In April 2014 I wrote, Walmart Can Crush Amazon. I focused on all of the competitive advantages Walmart has over Amazon. and if leveraged, implementing the right strategies, over time, (and given the time), they could beat Amazon at its own game. The one major disadvantage I cited as an impediment to getting there was Walmart’s plodding and questionable efforts in perfecting and growing their e-commerce business and integrating it into an omnichannel model. This week, Walmart leapfrogged that disadvantage and the many years of catching up to Amazon (and the risk of possibly never catching up) by agreeing to acquire Jet.com for $3.3 billion.
More recently I wrote, Jet.com, Reefer Madness, with a photo of its CEO and founder, Marc Lore, laughing his head off. I depicted him as though he might be smoking weed as he snookered investors (who could only have been on something even stronger), convincing them that Jet.com would crush Amazon by using his proprietary pricing wizardry and underpricing the iconic “under-pricer” of all times. My point at the time was that regardless of his secret sauce, and whatever unique software he developed, his model was not sustainable. Jet.com was reliant on enormous doses of funding that Lore was using to build infrastructure, which would not be offset by revenues soon enough to keep the funding hose flowing. At the time, investors had funneled about $500 million into Jet.com, and Lore was burning through cash like an out of control California wildfire — with no end in sight. My observation was that Lore’s braggadocio about crushing Amazon seemed to be replaced by the stark reality that Jet.com was likely crushing itself, as its optimistically winning and so-called unique strategies appeared to be going up in…well, smoke.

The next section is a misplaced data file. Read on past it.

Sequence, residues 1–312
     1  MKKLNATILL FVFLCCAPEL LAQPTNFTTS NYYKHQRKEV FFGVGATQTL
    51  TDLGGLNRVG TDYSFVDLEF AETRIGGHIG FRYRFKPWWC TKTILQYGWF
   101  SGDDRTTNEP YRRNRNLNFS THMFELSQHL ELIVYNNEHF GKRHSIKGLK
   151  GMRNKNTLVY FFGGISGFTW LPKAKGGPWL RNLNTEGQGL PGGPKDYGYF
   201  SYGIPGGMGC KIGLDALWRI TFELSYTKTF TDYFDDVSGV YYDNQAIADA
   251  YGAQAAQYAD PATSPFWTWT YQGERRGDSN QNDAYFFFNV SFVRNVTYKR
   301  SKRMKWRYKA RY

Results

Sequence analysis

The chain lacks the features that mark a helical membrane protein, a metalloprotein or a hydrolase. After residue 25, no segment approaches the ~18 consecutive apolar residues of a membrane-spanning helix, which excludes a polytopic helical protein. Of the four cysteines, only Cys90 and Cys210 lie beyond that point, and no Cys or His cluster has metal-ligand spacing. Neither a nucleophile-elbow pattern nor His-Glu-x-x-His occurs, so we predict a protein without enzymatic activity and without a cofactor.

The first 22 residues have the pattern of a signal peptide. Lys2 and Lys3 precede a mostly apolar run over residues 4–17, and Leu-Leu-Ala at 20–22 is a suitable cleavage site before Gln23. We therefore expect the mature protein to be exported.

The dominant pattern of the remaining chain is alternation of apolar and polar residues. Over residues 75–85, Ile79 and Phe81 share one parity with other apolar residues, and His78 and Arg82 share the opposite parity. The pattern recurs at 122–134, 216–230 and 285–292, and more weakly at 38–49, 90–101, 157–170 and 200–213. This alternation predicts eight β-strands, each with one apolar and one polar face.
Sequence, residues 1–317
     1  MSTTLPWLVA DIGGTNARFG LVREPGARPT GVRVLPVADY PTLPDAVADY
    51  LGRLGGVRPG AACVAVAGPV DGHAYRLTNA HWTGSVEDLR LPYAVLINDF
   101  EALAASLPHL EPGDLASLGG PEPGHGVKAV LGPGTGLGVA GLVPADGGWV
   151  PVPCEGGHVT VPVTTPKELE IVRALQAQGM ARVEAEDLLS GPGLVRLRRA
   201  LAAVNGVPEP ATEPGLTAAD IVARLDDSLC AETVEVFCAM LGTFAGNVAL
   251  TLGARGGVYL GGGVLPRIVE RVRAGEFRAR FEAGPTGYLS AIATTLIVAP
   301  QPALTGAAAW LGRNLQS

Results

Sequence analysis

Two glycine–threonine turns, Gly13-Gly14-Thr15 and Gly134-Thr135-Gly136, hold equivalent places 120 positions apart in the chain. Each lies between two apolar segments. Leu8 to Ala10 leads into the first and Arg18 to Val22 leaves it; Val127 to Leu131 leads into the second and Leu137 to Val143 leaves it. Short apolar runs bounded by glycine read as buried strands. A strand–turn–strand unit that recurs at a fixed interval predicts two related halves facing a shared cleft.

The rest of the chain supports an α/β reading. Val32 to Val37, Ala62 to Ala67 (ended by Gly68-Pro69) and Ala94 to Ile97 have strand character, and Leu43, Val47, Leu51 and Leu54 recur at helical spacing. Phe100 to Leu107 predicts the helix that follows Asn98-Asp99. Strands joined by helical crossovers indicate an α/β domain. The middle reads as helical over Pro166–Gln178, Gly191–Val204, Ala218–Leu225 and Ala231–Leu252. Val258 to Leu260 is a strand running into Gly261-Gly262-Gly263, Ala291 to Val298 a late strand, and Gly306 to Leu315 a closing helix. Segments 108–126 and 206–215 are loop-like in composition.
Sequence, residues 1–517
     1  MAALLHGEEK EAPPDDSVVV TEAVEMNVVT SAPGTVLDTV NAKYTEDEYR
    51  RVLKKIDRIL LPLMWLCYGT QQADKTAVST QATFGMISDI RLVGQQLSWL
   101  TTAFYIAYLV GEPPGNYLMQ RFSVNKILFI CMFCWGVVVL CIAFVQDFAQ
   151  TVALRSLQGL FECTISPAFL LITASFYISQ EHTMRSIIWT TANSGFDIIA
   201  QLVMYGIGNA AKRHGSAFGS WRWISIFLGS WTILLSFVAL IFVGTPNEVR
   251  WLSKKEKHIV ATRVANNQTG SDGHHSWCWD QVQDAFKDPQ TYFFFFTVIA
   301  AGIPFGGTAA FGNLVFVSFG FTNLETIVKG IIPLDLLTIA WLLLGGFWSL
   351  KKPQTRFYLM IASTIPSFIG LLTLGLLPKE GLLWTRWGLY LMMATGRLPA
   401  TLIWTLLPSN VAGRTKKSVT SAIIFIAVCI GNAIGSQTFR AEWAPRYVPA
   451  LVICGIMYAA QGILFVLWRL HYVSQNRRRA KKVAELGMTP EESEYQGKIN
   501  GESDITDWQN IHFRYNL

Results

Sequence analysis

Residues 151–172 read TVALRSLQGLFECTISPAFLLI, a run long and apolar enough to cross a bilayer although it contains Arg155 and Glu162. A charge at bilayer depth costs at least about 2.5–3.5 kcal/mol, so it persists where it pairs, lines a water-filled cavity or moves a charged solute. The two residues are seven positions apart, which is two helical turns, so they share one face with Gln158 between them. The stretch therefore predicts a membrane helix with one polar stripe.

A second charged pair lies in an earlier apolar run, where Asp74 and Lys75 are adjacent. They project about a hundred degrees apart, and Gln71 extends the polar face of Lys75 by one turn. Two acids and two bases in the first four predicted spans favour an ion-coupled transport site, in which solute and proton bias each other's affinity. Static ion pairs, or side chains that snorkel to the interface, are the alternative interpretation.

From Reefer Madness to a Win-Win
So whether or not Jet.com was teetering on the edge of collapse, at the very least they had to be well aware of the fact that funding was going to be harder to find going forward, and that pressure from investors would mount for top and bottom line performance.
Viewed from this perspective, Walmart could be considered a savior for Marc Lore and his investors. And if so, one might wonder if they are over paying. However, we all know Walmart is not running a charity. And in my opinion, as stated in that article I wrote in 2014, Doug McMillon and team still have a winning strategic vision for Walmart’s future and, therefore, this is a smart move.